Today’s presentation was ‘Philosophy and (the question of) the Meaning of Life.
The object of this section was not to answer the question “What is the meaning of life?”. It was to think about the question in the right way. When anyone mentions ‘the big’ question I can’t help thinking of this:-
I was glad that the answer was not ‘Jumper’ .
(If you are interested in the number 42 it pops up all over the place – google it)
To find out what the meaning of life is you have to first know what the question is. You have to know what is expected from this answer and who the answer is for and why it was asked.
At the end of the radio series (and television series, as well as the novel The Restaurant at the End of the Universe Arthur Dent, having escaped the Earth’s destruction, potentially has some of the computational matrix in his brain. He attempts to discover The Ultimate Question by extracting it from his brainwave patterns, as abusively suggested by Ford Prefect, when a Scrabble-playing caveman spells out forty two. Arthur pulls random letters from a bag, but only gets the sentence “What do you get if you multiply six by nine?”
“Six by nine. Forty two.””That’s it. That’s all there is.”
“I always thought something was fundamentally wrong with the universe”Distant voice “Base thirteen!”
You should not assume that everyone uses the same base system as you do. That is not purely a mathematical observation. People have different values so the meaning of their lives will not all be the same.
Dave then discussed the word ‘Meaning’ and whether we can even ask the question ‘What is the meaning of life’. Is that a sensible question to ask or can ‘meaning’ only relate to language? Is ‘life’ something that can have meaning? If we define ‘meaning’ as “Intended to communicate something that is not directly expressed” can we say that ‘life’ communicates or expresses? Rather than the ‘meaning’ of life, what we might see as important is actually the ‘point’ or the ‘purpose’ of life.
There were a lot of question in this section and a lot to think about. We can’t avoid philosophical questions. They are there whether we want them or not. What is important is to decide which ones we want to ask.
A final quote from Hilary Putnam that Dave thinks really helps understand what philosophy is about:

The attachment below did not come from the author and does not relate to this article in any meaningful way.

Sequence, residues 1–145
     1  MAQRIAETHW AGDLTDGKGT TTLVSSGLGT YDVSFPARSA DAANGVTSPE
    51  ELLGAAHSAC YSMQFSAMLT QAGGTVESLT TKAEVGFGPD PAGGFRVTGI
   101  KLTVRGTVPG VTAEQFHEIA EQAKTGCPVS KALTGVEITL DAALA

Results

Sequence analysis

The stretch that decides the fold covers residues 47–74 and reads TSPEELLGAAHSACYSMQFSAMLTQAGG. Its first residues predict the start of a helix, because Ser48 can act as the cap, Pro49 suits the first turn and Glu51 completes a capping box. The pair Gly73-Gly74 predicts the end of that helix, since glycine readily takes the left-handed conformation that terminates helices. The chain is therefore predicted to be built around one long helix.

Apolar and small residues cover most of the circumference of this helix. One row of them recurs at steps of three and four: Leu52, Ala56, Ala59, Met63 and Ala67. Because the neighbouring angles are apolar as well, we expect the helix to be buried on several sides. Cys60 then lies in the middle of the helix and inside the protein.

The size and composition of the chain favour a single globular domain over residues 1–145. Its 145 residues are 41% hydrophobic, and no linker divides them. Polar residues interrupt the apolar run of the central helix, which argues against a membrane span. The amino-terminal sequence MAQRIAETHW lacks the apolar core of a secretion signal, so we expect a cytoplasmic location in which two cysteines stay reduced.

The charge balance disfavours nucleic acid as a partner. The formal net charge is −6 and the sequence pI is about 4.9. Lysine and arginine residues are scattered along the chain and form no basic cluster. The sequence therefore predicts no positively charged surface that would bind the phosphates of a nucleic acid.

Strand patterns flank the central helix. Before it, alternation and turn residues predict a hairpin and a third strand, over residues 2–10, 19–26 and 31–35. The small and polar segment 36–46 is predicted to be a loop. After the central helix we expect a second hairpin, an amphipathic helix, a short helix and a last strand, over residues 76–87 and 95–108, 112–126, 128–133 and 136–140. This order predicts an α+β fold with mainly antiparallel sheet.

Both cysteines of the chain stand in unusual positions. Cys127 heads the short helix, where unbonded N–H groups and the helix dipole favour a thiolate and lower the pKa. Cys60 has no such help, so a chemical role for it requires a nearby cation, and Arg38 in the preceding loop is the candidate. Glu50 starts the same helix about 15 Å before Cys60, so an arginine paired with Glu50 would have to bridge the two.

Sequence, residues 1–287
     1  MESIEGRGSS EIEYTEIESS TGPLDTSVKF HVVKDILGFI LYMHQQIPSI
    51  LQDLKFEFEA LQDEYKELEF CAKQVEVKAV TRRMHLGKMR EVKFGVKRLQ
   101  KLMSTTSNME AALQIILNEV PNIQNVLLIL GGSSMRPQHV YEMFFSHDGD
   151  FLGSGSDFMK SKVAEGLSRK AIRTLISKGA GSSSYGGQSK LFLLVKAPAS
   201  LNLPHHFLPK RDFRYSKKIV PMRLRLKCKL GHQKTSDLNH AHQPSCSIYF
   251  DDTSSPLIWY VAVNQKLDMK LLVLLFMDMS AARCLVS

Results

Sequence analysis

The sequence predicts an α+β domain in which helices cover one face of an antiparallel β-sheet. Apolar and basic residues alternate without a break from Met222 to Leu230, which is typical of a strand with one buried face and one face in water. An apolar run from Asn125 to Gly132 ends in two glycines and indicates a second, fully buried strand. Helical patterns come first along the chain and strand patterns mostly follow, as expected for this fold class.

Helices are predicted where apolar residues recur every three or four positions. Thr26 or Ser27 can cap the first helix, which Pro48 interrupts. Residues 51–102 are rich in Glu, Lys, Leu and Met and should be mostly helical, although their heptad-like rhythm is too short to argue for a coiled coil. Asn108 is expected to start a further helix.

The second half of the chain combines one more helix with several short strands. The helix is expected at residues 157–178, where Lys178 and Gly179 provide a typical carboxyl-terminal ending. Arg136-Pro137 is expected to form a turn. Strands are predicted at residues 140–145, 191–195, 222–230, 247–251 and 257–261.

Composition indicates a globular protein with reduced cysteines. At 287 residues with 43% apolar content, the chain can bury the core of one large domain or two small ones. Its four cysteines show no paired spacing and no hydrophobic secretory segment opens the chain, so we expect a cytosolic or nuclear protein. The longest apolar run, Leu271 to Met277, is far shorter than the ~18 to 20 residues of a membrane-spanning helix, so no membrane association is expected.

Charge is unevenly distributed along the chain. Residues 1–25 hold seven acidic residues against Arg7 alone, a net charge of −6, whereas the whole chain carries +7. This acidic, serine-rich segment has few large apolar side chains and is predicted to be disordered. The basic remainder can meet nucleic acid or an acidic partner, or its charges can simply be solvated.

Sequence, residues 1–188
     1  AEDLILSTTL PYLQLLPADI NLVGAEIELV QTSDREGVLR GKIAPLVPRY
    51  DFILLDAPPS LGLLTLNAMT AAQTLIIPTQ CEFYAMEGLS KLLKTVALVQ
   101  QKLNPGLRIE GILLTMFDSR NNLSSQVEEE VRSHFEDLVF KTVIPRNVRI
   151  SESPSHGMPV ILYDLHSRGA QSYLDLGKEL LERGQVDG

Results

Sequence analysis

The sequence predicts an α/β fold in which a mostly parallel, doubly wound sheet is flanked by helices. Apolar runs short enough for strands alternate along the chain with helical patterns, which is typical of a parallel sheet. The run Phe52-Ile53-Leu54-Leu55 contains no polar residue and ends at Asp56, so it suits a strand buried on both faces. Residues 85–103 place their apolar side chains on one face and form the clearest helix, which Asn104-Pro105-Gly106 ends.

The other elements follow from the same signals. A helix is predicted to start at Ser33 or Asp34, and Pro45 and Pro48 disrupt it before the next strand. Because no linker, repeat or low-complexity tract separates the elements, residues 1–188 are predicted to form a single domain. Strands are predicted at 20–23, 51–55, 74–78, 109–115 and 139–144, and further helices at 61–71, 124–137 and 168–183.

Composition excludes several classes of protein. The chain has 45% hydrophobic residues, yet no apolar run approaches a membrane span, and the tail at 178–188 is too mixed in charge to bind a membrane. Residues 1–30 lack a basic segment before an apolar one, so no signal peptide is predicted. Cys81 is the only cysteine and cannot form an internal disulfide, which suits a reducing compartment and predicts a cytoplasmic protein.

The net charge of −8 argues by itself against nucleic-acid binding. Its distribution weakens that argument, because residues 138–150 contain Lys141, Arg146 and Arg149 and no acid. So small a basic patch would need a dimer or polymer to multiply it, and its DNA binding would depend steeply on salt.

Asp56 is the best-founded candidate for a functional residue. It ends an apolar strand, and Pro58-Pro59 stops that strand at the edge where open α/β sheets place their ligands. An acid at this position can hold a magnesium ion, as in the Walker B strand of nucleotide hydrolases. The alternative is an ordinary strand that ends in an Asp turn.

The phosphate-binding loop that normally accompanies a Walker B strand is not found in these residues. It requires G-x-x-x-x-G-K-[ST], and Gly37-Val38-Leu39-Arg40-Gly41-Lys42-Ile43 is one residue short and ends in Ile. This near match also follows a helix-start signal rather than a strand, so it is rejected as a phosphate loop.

Philosophy needs vision and argument… there is something disappointing about a philosophical work that contains arguments, however good, which are not inspired by some genuine vision, and something disappointing about a philosophical work that contains a vision, however inspiring, which is unsupported by arguments…Speculation about how things hang together requires… the ability to draw out conceptual distinctions and connections, and the ability to argue… But speculative views, however interesting or well supported by arguments or insightful, are not all we need. We also need what [the philosopher Myles] Burnyeat called ‘vision’ – and I take that to mean vision as to how to live our lives, and how to order our societies.
Four days into my course on philosophy I feel that I am getting closer to an understanding of what philosophy is about.
I have learned that philosophy is different to different people and that even philosophers don’t agree about what exactly it is.
What is important or fundamental is also different to different people so that whether they find philosophy important or not is subjective.
Whether we want philosophy or not it is there. Questions are always there and there are an infinite number. We can chose to ask them or not.
Deciding what to ask and how to ask it and what we actually expect from the answer is not something that we do all the time. We would only do this for important questions. Just because it is important doesn’t make it philosophical.
Determining what a good / important question is means asking ourselves what is important to us. Once we have that worked out, which might be very simple if the answer is money or chocolate, then we can start to work out ways of thinking about it. Even just working out what is important to us can be revealing and help to focus.
OK – I hope I am getting closer. Feel free to correct me if you think I am not ‘getting it’.